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Galatians 5:1-6. Free at Last

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In Galatians 5:1-6, we see Liberty 1) Defined (Galatians 5:1) 2) Defended (Galatians 5:2-4) and 3) Described (Galatians 5:5-6)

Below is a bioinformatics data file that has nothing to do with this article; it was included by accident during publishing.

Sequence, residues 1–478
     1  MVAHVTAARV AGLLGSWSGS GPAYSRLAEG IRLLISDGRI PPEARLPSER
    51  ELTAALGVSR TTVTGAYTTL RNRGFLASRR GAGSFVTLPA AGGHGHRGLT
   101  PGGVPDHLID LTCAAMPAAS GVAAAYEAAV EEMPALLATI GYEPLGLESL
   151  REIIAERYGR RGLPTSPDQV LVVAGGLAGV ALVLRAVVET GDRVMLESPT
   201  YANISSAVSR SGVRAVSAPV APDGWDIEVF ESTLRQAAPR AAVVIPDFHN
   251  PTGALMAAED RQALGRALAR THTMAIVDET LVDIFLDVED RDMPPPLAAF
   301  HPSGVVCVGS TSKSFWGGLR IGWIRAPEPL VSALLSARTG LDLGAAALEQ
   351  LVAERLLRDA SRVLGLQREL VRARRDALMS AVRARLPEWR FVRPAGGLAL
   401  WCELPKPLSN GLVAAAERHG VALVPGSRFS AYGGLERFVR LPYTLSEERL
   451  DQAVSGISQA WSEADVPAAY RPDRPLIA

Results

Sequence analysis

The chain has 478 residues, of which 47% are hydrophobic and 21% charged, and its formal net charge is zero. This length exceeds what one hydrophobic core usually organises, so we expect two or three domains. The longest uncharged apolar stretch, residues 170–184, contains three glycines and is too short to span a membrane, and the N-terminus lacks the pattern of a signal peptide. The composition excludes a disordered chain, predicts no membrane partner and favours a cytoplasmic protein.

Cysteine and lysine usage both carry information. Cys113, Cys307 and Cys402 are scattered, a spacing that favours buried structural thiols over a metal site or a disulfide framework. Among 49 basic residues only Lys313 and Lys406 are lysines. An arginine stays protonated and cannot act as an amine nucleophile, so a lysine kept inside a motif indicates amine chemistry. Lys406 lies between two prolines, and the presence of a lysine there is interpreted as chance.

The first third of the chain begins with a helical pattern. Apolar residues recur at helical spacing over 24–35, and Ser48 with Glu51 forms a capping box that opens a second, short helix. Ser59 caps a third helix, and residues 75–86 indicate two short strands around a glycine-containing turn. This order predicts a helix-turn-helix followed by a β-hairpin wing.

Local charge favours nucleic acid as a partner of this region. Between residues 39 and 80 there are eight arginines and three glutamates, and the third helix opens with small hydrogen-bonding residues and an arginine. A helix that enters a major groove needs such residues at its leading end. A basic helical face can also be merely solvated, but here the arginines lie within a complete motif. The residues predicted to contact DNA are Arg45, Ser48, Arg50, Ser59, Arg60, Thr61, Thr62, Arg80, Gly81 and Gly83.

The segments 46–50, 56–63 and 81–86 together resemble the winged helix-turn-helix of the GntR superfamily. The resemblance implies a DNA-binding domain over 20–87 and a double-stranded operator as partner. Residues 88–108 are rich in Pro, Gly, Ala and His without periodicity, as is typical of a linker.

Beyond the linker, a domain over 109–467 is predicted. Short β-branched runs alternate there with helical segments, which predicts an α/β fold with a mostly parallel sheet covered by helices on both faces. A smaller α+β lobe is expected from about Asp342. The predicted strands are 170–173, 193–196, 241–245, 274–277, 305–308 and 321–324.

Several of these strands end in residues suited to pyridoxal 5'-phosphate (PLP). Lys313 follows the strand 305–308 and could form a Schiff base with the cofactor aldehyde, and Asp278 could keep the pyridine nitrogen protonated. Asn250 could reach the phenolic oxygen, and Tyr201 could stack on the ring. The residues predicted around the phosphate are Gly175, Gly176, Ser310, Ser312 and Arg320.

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 Galatians 5:1-6 “Free at Last” Safe Haven Worship Centre. Sunday January 13, 2019 Galatians 5:1-6 [5:1] For freedom Christ has set us free; stand firm therefore, and do not submit again to a yoke of slavery. [2] Look: I, Paul, say to you that if you accept circumcision, Christ will be of no advantage to you. [3]I testify again to every man who accepts circumcision that he is obligated to keep the whole law. [4] You are severed from Christ, you who would be justified by the law; you have fallen away from grace. [5] For through the Spirit, by faith, we ourselves eagerly wait for the hope of righteousness. [6] For in Christ Jesus neither circumcision nor uncircumcision counts for anything, but only faith working through love. (ESV) In 1963 American civil rights proponent Martin Luther King said: "So let freedom ring. From the prodigious hilltops of New Hampshire, let freedom ring. From the mighty mountains of New York, let freedom ring. From the heightening Alleghenies of Pennsylvania, let freedom ring. But not only that; let freedom ring from Stone Mountain of Georgia. Let freedom ring from every hill and molehill of Mississippi. And when this happens, when we let it ring, we will speed that day when all of God's children, black men and white men, Jews and Gentiles, Protestants and Catholics, will be able to join hands and sing in the words of the old Negro spiritual: Free at last, free at last/Thank God Almighty, we're free at last." http://www.time.com/time/photoessays/mlk/9.html This is a sentiment that almost everyone desires, but people disagree on the means of obtaining freedom. The Judaizers in Galatia called Christians to return to a way of life under the covenant of Law after they had Christ fulfill that covenant, thereby abandoning the freedom that Christ secured for believers. There is a bondage to law and a bondage to sin—both of which are spoken of in terms of ‘flesh’. Christ sets us free from both, by his cross and by his Spirit. Paul is now moving into dealing primarily with how Christians should live.(Barnes, P. (2006). A Study Commentary on Galatians (p. 221). Darlington, England; Webster, New York: Evangelical Press.) People define freedom in several ways, some see it in political terms, social, psychological or personal: being left alone by others and not having other people’s values, ideas or styles of life forced upon them. If any of these become the methods of defining freedom, they result in bondage: Bondage to a political system, group or sinful licentiousness. True freedom is liberation from the sins that so easily ensnare us. Jesus Christ is the true liberator and conversion is the act of emancipation to the Christian life of freedom: Freedom from the shackles of sin (Gal. 3:22), works righteousness from the law (Gal. 3:23) and satanic dominion (Gal. 4:3). Christianity not only represents freedom from something, it results in freedom to something: Eternal life, power, protection and hope. The last verse of Galatians 4 (Gal. 4:31) describes the believer's position-Freedom. This first verse of chapter 5 refers to the believer’s practice-The believer should live as someone who is free. Paul had just finished explaining that the Galatians were not children of Hagar, the slave woman, but sons and daughters of Sarah, born again free by the promise of God. Now that they needed to do was to live free in Christ by the power of the Holy Spirit (Philip Graham Ryken. Galatians: Reformed Expository Commentary. P&R Press. 2005. p. 192). Galatians 5:1-6 begins the third, and final section of the letter. After defending his apostleship (chaps. 1-2) and his message of justification by faith (chaps. 3-4), Paul now applies that doctrine to practical Christian living (chaps. 5-6), emphasizing that right doctrine should result in right living (ethics). His subject is that sanctification that should result from justification. The life of genuine faith is more than the belief in divine truth; it is also the bearing of divine fruit. In Galatians 5:1-6, we see Liberty 1) Defined (Galatians 5:1) 2) Defended (Galatians 5:2-4) and 3) Described (Galatians 5:5-6) To live a life free in Christ we must have: 1) Liberty Defined (Galatians 5:1) Galatians 5:1 [5:1] For freedom Christ has set us free; stand firm therefore, and do not submit again to a yoke of slavery. (ESV) Throughout the scriptures, including here, the author often links facts with appropriate actions. They link an indicative (what God has done) followed by an imperative (what we should do in response). Since Christ has set us free, from Jewish ceremonial laws and regulations (cf. Gal. 2:11–12) but not from obedience to God’s moral standards (Gal. 5:14–6:1) we must stand firm in that freedom. This freedom, as the whole Epistle and this context make plain, is not primarily a freedom from sin, but rather from the law (as a means of salvation) (Stott, J. R. W. (1986). The message of Galatians: Only one way (p. 132). Leicester, England; Downer’s Grove, IL: InterVarsity Press.). Please turn to Romans 6 In light of what Paul has been saying throughout the letter, he also here implies a disturbing question: "Why, then, do some of you want to go back to being like Ishmael, who was a slave, an outcast, and separated from God?" It makes no sense at all. Paul exclaimed to the Roman church: Romans 6:17-19 [17] But thanks be to God, that you who were once slaves of sin have become obedient from the heart to the standard of teaching to which you were committed, [18]and, having been set free from sin, have become slaves of righteousness. [19]I am speaking in human terms, because of your natural limitations. For just as you once presented your members as slaves to impurity and to lawlessness leading to more lawlessness, so now present your members as slaves to righteousness leading to sanctification. (ESV) Paul says emphatically that God's stated purpose for redemption was for freedom of the believer. As we have seen, Christ set us free from 1) The Curse of the law (Rom. 3:20), 2) The Curse of Adam (Rom. 5:12), 3) Spiritual death (Eph. 2:1-6), 4) the Fear of Death (Heb. 2:14-15) 5) From Condemnation (2 Cor. 5:21), 6) The Power of Sin (Ro,. 6:17-18) and 7) The Authority of Satan (Col. 1:13) God here in Galatians 5:1 calls Christians to stand firm in their liberty (cf. 1 Cor. 16:13; Phil. 1:27; 4:1; 1 Thes. 3:8; 2 Thes. 2:15). Stand firm/fast is a term borrowed from the battlefield (1 Cor. 16:13). Implicit in this warning and command (for it is a PRESENT IMPERATIVE) is the fact that our freedoms in Christ are constantly under attack. Freedom has an enemy. His name is Legalism, and he’s a tyrant who would love nothing better than to have you bend your neck to his enslaving yoke. What is legalism? A simple definition would be this: Legalism is treating that which is good as though it were essential. Whenever Christians turn something valuable into something ultimate, legalism is at work and freedom is forfeited.( Wilson, T. (2013). Galatians: Gospel-Rooted Living. (R. K. Hughes, Ed.) (p. 171). Wheaton, IL: Crossway.) Paul’s response to this threat is for believers to: “Stand Firm is the positive, "do not submit/be subject again (lit., "do not subject yourselves") “to a yoke of slavery”. Although bother are PRESENT IMPERATIVES; do not submit/be subject again has the NEGATIVE PARTICLE which means to stop an act which is already in process (Utley, R. J. (1997). Paul’s First Letters: Galatians and I & II Thessalonians (Vol. Volume 11, p. 54). Marshall, TX: Bible Lessons International.). Paul bluntly points out that the ordinances of the law as demanded by the Judaizers constitute a slave’s yoke, so that he uses the word in the bad sense of an imposed burden, like slavery. Like an animal loosed from pulling a plow, we should not seek to be hooked up again. (cf. Acts 15:10; 1 Tim. 6:1). (Fung, R. Y. K. (1988). The Epistle to the Galatians (p. 217). Grand Rapids, MI: Wm. B. Eerdmans Publishing Co.) • One of the purposes of incarceration, besides punishment, is to be a deterrent to commit further crimes, lest the newly freed person be convicted of a new crime and be sent back. One of the greatest tragedies is for someone who cannot adjust to life outside of bars committing a new crime with the desire to return to the only life they know behind bars. • Christ redeems people from sin in order that they not fall back into old patterns of sin. Christ talks about a very different kind of service: Matt 11:29-30 28 Come to me, all who labor and are heavy laden, and I will give you rest. 29 Take my yoke upon you, and learn from me, for I am gentle and lowly in heart, and you will find rest for your souls. 30 For my yoke is easy, and my burden is light.” (ESV) Illustration: Imagine a prisoner who is suddenly surprised to find out that he has been pardoned and set free. He did nothing to accomplish this. He was not even aware that it had happened. But there he stands outside the prison walls, a free man. Now it is his responsibility to live as a free man. Charles Wesley captures the Christian experience of this liberation in one of his great hymns: “Long my imprisoned spirit lay Fast bound in sin and nature’s night; Thine eye diffused a quickening ray, I woke, the dungeon flamed with light. My chains fell off, my heart was free; I rose, went forth, and followed thee” .( Charles Wesley: AND CAN IT BE THAT I SHOULD GAIN?) To live a life free in Christ we must have: 2) Liberty Defended (Galatians 5:2-4) Galatians 5:2-4 [2] Look: I, Paul, say to you that if you accept circumcision, Christ will be of no advantage to you. [3]I testify again to every man who accepts circumcision that he is obligated to keep the whole law. [4] You are severed from Christ, you who would be justified by the law; you have fallen away from grace. In the Galatian situation, circumcision to Paul was not a surgical operation, nor merely a religious observance. It represented a system of salvation by good works. It declared a gospel of human effort apart from divine grace. It was law supplanting grace; Moses supplanting Christ; for to add to Christ was to take from Christ. Christ supplemented was Christ supplanted; Christ is the only Savior—solitary and exclusive. Circumcision would mean excision from Christ. (Jack Hunter, What the Bible Teaches, Galatians – Philemon, p. 78.) Look: I, Paul, say to you undergirds the apostolic authority (cf. Gal. 1:1) by which Paul makes this serious assertion. He may also have been emphasizing his own Jewishness, indicating that he, Paul, a former Pharisee and "Hebrew of Hebrews" (Phil. 3:5), was obviously not speaking against trust in circumcision because of any personal or racial bias against Jews. Both as an apostle and as a circumcised and redeemed Jew, he declared that to receive circumcision, if you accept circumcision is in the present tense indicating, not one act, but a practice for the purpose of gaining merit before God was to make Christ … of no advantage/benefit The atoning sacrifice of the Lord Jesus Christ, perfect and complete though it was, cannot benefit a person who trusts in anything else, because that something else, whether circumcision or any other human act or effort, then stands between him and Christ. (KJV Bible Commentary. Nashville : Thomas Nelson, 1997, c1994, S. 2395). • The reason people who have previously genuinely repented of sin and trusted Christ for salvation, most often doubt that salvation, is that they misunderstand the nature of Salvation. If the understanding of your salvation was based on a profession you made or action you took, then it is natural to think that perhaps you could be wrong or weak. But if the assurance of Salvation rests on the work of Christ alone, whose strength and promise cannot waver, then you can have eternal security of Salvation. Please turn to Romans 9 A person becomes acceptable to God only by placing their full trust in His Son, Jesus Christ, and after one is saved people persevere in living a life acceptable to God only by continuing to trust in Christ alone. Whether before or after conversion, trust in human works of any kind is a barrier between a person and Christ which results in unacceptable legalism. ‘A Christ supplemented is a Christ supplanted. (William Hendriksen, Galatians, p. 112..) Paul explained to Roman believers Romans 9:30-32 [30] What shall we say, then? That Gentiles who did not pursue righteousness have attained it, that is, a righteousness that is by faith; [31] but that Israel who pursued a law that would lead to righteousness did not succeed in reaching that law. [32] Why? Because they did not pursue it by faith, but as if it were based on works. They have stumbled over the stumbling stone, (ESV) • The Gentiles who were not seeking righteousness nevertheless found it when they believed in Jesus Christ, whereas the Jews who were zealously seeking righteousness did not attain it, because they were seeking it in themselves. The believing Gentiles gained Christ's righteousness, which is perfect, whereas the unbelieving Jews had only their self-righteousness, which was worthless. A second consequence mentioned in verse 3, of trusting in works (circumcision) for eternal life is that the person who does so obligates themselves to keep the whole law. To live by part of the law as a means of attaining righteousness demands living by all of it.James noted that: James 2:10 [10] For whoever keeps the whole law but fails in one point has become accountable for all of it. (ESV) Legalism requires people to keep the whole law. People under law cannot accept the easy commandments and reject the others. With the situation in Galatians 5, if a person attempts to please God by being circumcised, then he is under obligation to keep the whole law. Thus, someone is either entirely under law, or not under law at all. Obviously, if one is entirely under law, Christ is valueless to this person. The Lord Jesus is not only a complete Savior, but also an exclusive one. Paul is not referring in this verse to any who might have been circumcised in the past, but only to those who might undergo this rite as a necessity for complete justification, to those who assert the obligations of law-keeping for their acceptance with God Because God’s standard is perfect righteousness, fulfillment of' only part of the law fails short of His standard. Hypothetically, even if a person were somehow able to keep all of the law for all of his life, if he broke a commandment during his last minute on earth, he would forfeit salvation. (MacDonald, William ; Farstad, Arthur: Believer's Bible Commentary : Old and New Testaments. Nashville : Thomas Nelson, 1997, c1995, S. Ga 5:3). Paul stated previously: Galatians 3:10 [10] For all who rely on works of the law are under a curse; for it is written, "Cursed be everyone who does not abide by all things written in the Book of the Law, and do them." (ESV) In Deuteronomy 27, Moses gave a sample of 12 curses culminating with Deuteronomy 27:26, which Paul quotes here in Galatians 5:3 Deuteronomy 27:26 [26]"'Cursed be anyone who does not confirm the words of this law by doing them.' And all the people shall say, 'Amen.' (ESV) • Because God's standard was so obviously impossible to attain, that truth quoted from Deuteronomy 27:26 should have driven every Jew to seek His mercy. Illustration: People often think that works they do that they think are righteous are going to outweigh any faults they do? Imagine a motorist driving down a city street and deliberately driving through a red light. He is pulled over by a police officer who asks to see his driver’s license. Immediately the driver begins to defend himself. “Officer, I know I ran that red light—but I have never robbed anybody. I’ve never committed adultery. I’ve never cheated on my income tax.” The police officer smiles as he writes out the ticket, because he knows that no amount of obedience can make up for one act of disobedience. It is one Law, and the same Law that protects the obedient person punishes the offender. To boast about keeping part of the Law while at the same time breaking another part is to confess that I am worthy of punishment (Wiersbe, Warren W.: The Bible Exposition Commentary. Wheaton, Ill. : Victor Books, 1996, c1989, S. Ga 5) A third consequence in verse 4, of seeking to be justified by circumcision or any other form of the law, is that it causes a person to become severed from Christ and thereby become fallen from grace. Severed is from katargeo, which, when followed by the preposition, means to be separated or loosed from (cf. Rom. 7:2, 6). Link this in with circumcision: Circumcision involved cutting off the male foreskin. In the old covenant, this was a way of saying that a Jew was separated from the world. But it was also a way of saying that if he ever rejected God, he himself would be cut off from God’s people. Since Christ fulfilled the works of the Law, for the Galatians to go back to a relationship with God through Old Covenant ceremonies and symbols, they were cutting themselves off from the work of Christ The result would be as Paul describes her in Galatians as Fallen, is from ekpipto, which means to lose one's grasp on something. Simply stated, a person cannot live by both law and grace. To attempt to be justified by law is to reject the way of grace. ((Philip Graham Ryken. Galatians: Reformed Expository Commentary. P&R Press. 2005. p. 201). Paul is not dealing with the security of the believer but with the contrasting ways of grace and law, works and faith, as means of salvation. He is not teaching that a person who has once been justified can lose their righteous standing before God and become lost again by being circumcised or otherwise legalistic. The Bible knows nothing of becoming unjustified. The working of salvation is promised and accomplished through the work of God: Romans 8:30 [30]And those whom he predestined he also called, and those whom he called he also justified, and those whom he justified he also glorified. (ESV) Paul's primary point in this passage, as throughout the letter, is that law and grace cannot be mixed. As a means to salvation they are totally incompatible and mutually exclusive. To mix law with grace is to obliterate grace. To try to work to earn God’s favor, it is like the men at Babel who were “building a tower to reach heaven” (Gen 11:1–9). Although they did not know it, what they were doing could not be successfully done. And worse, their attempt to do it was the ultimate insult to God. (Boles, K. L. (1993). Galatians & Ephesians (Ga 5:4). Joplin, MO: College Press.) To try to work to earn God’s favor, it is like the men at Babel who were “building a tower to reach heaven” (Gen 11:1–9). Although they did not know it, what they were doing could not be successfully done. And worse, their attempt to do it was the ultimate insult to God. Illustration: When the Judaizers told the Galatians that they had to get circumcised to become good Christians, they were adding the law to the gospel. They were saying that Moses had to finish what Christ could only begin. To illustrate the problem with this kind of theology, consider the man who had an old baseball autographed by Babe Ruth. The man had heard that the ball might be valuable, so one day he decided to sell it. He was worried, however, because he could see that the signature was badly faded. In order to make it clearer, he took out his baseball and carefully traced over the letters with a marking pen: B-A-B-E R-U-T-H. The effect was to obliterate the real autograph, so that by the time he was finished, he had turned something priceless into something worthless. It is the same with Jesus Christ. His finished work cannot be added to lest it be received as useless. (Philip Graham Ryken. Galatians: Reformed Expository Commentary. P&R Press. 2005. p. 199). Finally, to live a life free in Christ we must have: 3) Liberty Described (Galatians 5:5-6) Galatians 5:5-6 [5] For through the Spirit, by faith, we ourselves eagerly wait for the hope of righteousness. [6] For in Christ Jesus neither circumcision nor uncircumcision counts for anything, but only faith working through love. (ESV) Here, the apostle shows that the hope of the true believer is far different from that of the legalist. The Christian eagerly waits for the hope of righteousness. This is the hope for the time when the Lord will come, when believers will receive a glorified body, and will sin no more (Rom. 8:18, 21). Notice that it does not say that the Christian hopes for righteousness; for a believer already has a right standing before God through the Lord Jesus Christ (2 Cor. 5:21). A believer eagerly waits for the moment when he or she will be completely righteous in themselves. This is not a hope to achieve this by anything that he or she can do, but rather through the Spirit and by faith. The Holy Spirit is going to do it all, and the believer simply looks to God in faith to bring it to pass. The legalist, on the other hand, hopes to earn righteousness by their own works, law-keeping, or religious observances. It is a vain hope, because righteousness cannot be achieved in this way Notice that Paul uses the pronoun we in this verse, referring to true Christians, whereas in verse 4 he uses the pronoun “you” when speaking to those who seek justification by works of law. (MacDonald, William ; Farstad, Arthur: Believer's Bible Commentary : Old and New Testaments. Nashville : Thomas Nelson, 1997, c1995, S. Ga 5:5) Finally, in Galatians 5:6, Paul mentions three characteristics of the godly life, the life that continues to live by the grace through which salvation was received. First of all, it is a life lived through the Spirit rather than the flesh. Second, it is a life lived by faith rather than works. And Third, it is a life lived in patient waiting and hope rather than in the anxious uncertainty of bondage to the law. Nothing that is either done or not done in the flesh, not even religious ceremony, makes any difference in one's relationship to God. In Christ Jesus neither circumcision nor uncircumcision means anything. In terms of standing with God, the outward is totally unimportant and worthless, except as it genuinely reflects inner righteousness. Life in the Spirit is not static and inactive, but it is faith working through love, not the flesh working through self-effort. Please turn to Colossians 1 Believers are "created in Christ Jesus for good works, which God prepared beforehand, that we should walk in them" (Eph. 2:10). But their working is the product of their faith, not a substitute for it. They do not work for righteousness but out of righteousness, through the motivating power of love. As faith is shown in love, believers are called to: Colossians 1:10-11 [10] so as to walk in a manner worthy of the Lord, fully pleasing to him, bearing fruit in every good work and increasing in the knowledge of God. [11] May you be strengthened with all power, according to his glorious might, for all endurance and patience with joy, (ESV) Love needs neither the prescriptions nor the proscriptions of the law, because its very nature is to fulfill the law's demands (cf. Rom. 13:8). • A person does not, for instance, steal from or lie to someone he truly loves. He certainly does not kill someone he loves. Illustration: The story is told of an aspiring artist who was commissioned to do a large sculpture for a famous museum. At last he had the opportunity to create the masterpiece he had long dreamed of. After laboring over the work for many years, he saw it grow not only in shape but in beauty. But when it was finished he discovered to his horror that it was much too large to be taken out a window or door and that the cost for tearing down part of the building in order to remove it was prohibitive. His masterpiece was forever a captive to the room in which it was created. That is the fate of all human religion. Nothing a person does to earn God's favor can leave the room of this earth where self-made works are created. The person who lives by faith works under the internal compulsion of love and does not need the outward compulsion of law. (Format note: Outline and some base commentary from MacArthur, J. (1996, c1987). Galatians. Includes indexes. (131). Chicago: Moody Press.)